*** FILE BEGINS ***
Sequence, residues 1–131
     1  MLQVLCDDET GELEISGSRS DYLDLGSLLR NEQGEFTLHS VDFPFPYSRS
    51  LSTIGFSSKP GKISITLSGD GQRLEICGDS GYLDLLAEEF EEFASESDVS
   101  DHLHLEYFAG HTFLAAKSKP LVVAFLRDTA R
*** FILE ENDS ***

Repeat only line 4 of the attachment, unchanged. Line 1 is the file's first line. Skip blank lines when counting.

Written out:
   101  DHLHLEYFAG HTFLAAKSKP LVVAFLRDTA R